Development of a small-volume resuscitation fluid for trauma victims

Letson, Hayley Louise (2016) Development of a small-volume resuscitation fluid for trauma victims. PhD thesis, James Cook University.

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Objective: Traumatic haemorrhagic shock is a leading cause of mortality and morbidity on the battlefield and in civilian populations. In October 2016 the American College of Surgeons referred to it as 'a neglected public health emergency', highlighting the need for improved therapies in these environments. Small-volume 7.5% NaCl ALM had previously demonstrated some promising resuscitative capabilities in two rat models of haemorrhagic shock. The major aim of this thesis was to further investigate and develop this small-volume fluid following severe haemorrhagic shock in the rat and pig.

Methods: Haemorrhagic shock was induced in the rat by 20 min phlebotomy to decrease mean arterial pressure (MAP) to 35-40 mmHg followed by 60 min hypovolaemic shock. Small-volume (~0.7-1.0 ml/kg) 7.5% NaCl ± ALM resuscitation bolus was administered IV after 60 min shock, and haemodynamics were monitored for 60 min. Coagulopathy was assessed with PT, aPTT, ROTEM, and ELISAs. In the pig, phlebotomy reduced MAP to 35-40 mmHg, and 4 ml/kg 7.5% NaCl ± ALM resuscitation bolus was administered after 90 min shock. After 60 min single bolus resuscitation, shed blood volume was reinfused and pigs were monitored for 180 min. Metrics included haemodynamics, cardiac function, oxygen consumption, metabolic status, and kidney function.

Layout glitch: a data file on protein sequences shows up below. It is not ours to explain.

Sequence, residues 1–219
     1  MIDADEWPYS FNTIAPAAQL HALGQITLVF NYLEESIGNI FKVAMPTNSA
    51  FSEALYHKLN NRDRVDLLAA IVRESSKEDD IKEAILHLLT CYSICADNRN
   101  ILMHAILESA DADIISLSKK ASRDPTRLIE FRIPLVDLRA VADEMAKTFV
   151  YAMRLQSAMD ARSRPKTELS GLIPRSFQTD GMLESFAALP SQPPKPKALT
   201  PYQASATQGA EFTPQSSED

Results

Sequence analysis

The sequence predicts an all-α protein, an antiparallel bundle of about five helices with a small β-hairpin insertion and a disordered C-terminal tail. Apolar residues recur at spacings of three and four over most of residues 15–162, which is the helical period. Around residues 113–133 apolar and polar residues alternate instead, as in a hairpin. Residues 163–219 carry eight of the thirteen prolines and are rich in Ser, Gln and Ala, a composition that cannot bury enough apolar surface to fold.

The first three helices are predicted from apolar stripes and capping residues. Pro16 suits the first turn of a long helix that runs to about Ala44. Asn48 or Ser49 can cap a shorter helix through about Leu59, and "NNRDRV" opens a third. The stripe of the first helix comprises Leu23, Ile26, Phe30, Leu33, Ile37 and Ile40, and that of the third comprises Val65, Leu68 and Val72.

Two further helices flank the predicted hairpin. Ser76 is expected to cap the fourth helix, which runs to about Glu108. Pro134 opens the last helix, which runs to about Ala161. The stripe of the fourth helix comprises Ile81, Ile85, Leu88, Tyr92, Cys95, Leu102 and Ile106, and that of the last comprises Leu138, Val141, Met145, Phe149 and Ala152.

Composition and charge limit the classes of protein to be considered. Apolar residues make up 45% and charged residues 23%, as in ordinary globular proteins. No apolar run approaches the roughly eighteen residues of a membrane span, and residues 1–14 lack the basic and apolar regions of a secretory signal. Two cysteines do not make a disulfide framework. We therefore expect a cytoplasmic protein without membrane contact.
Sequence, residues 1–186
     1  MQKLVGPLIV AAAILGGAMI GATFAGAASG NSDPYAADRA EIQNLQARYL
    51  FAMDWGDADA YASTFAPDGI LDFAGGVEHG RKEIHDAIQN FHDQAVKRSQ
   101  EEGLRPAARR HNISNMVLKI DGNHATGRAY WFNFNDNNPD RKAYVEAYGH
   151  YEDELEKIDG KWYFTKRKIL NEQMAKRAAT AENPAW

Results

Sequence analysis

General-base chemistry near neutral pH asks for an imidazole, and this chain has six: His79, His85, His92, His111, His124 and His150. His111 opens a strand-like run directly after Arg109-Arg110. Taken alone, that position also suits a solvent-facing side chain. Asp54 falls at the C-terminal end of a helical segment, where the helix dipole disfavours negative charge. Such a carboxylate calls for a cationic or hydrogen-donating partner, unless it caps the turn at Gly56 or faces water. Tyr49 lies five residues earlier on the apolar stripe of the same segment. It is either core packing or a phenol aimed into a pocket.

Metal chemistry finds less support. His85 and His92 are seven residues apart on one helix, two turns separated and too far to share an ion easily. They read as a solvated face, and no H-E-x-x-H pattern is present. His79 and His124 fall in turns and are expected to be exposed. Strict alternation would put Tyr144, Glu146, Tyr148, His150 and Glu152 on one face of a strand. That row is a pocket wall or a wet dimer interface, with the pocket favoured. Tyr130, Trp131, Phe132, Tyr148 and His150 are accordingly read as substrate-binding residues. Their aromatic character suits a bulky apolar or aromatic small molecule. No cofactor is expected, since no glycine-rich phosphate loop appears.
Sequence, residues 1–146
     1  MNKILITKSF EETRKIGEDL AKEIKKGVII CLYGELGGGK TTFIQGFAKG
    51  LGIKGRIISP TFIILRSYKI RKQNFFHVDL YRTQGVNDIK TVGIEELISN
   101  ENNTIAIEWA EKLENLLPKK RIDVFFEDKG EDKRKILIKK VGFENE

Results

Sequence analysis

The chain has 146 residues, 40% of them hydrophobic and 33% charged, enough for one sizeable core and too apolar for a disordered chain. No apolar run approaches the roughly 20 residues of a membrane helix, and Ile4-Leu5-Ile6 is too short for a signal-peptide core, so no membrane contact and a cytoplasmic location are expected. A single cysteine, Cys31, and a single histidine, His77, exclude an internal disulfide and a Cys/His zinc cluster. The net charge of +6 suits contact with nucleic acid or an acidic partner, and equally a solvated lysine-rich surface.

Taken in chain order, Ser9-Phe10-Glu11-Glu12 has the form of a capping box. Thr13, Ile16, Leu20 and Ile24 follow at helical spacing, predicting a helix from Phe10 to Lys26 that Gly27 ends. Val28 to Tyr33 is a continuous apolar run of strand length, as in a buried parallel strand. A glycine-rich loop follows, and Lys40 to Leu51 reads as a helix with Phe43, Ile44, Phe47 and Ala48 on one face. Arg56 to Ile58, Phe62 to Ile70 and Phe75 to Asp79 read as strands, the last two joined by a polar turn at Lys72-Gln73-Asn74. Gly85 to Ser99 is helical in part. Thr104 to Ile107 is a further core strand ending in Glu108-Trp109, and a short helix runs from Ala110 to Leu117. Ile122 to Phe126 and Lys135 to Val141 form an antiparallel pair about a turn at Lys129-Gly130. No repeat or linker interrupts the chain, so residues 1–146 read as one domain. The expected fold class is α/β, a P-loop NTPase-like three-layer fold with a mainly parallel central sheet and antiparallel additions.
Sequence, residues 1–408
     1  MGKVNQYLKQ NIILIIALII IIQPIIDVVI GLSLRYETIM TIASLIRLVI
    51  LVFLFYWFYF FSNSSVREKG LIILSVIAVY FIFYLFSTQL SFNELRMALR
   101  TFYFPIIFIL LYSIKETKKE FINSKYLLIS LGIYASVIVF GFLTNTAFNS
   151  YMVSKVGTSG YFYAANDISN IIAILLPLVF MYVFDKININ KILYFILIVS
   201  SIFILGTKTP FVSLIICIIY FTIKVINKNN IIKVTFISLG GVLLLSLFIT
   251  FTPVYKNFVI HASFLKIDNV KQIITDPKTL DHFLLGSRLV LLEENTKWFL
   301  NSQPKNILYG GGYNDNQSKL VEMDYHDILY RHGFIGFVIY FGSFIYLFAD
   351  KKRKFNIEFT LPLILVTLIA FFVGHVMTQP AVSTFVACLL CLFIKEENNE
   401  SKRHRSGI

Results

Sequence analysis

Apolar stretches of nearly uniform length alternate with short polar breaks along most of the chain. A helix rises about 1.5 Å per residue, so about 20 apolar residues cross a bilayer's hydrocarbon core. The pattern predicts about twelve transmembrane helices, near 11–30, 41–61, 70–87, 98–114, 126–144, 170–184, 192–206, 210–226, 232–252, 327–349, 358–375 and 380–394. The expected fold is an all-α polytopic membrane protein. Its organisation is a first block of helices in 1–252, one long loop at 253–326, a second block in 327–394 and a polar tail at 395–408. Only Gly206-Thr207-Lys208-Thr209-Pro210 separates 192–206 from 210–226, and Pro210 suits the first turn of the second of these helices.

Results: Small-volume 7.5% NaCl ALM induced and maintained a permissive hypotensive state (MAP 64-69 mmHg) with significantly higher pulse pressure in the rat after 41-42% blood loss and 60 min shock. ALM-treated animals also maintained significantly higher body temperature than saline controls (34ϒC vs. 32ϒC; p<0.05), and corrected haemorrhagic-shock induced hypocoagulopathy within 5 min of the single bolus administration with a reversal of PT and aPTT times to baseline, and restoration of ROTEM EXTEM, INTEM, and FIBTEM clots. ALM also reversed hyperfibrinolysis, and led to higher PAI-1 levels and lower D-dimers (8% of saline controls at 60 min) further supporting an ALM anti-fibrinolytic effect. Lower P-selectin in ALM-treated animals may indicate improved endothelial function, and reduced platelet dysfunction and inflammation, however this requires further investigation.

In the pig model of 75% blood loss and 90 min shock, 4 ml/kg 7.5% NaCl ALM had significantly higher MAP (48 mmHg vs. 33 mmHg; p<0.0001), significantly higher cardiac index (76 ml/min/kg vs. 47 ml/min/kg; p<0.033), significantly lower arterial lactate (7.1 mM vs. 11.3 mM), and higher base excess, compared to 7.5% saline controls. Higher cardiac index was associated with two-fold higher stroke volume and significantly increased left ventricular systolic ejection times. After return of shed blood, whole body oxygen consumption decreased in ALM-treated pigs from 5.7 ml O₂/min/kg to 4.9 ml O₂/min/kg. After 180 min blood resuscitation, pigs that received 7.5% NaCl ALM had three-fold higher urinary output (2.1 ml/kg/hr vs. 0.7 ml/kg/hr; p=0.001), significantly lower plasma creatinine levels, and significantly higher creatinine clearance ratio, compared to saline controls.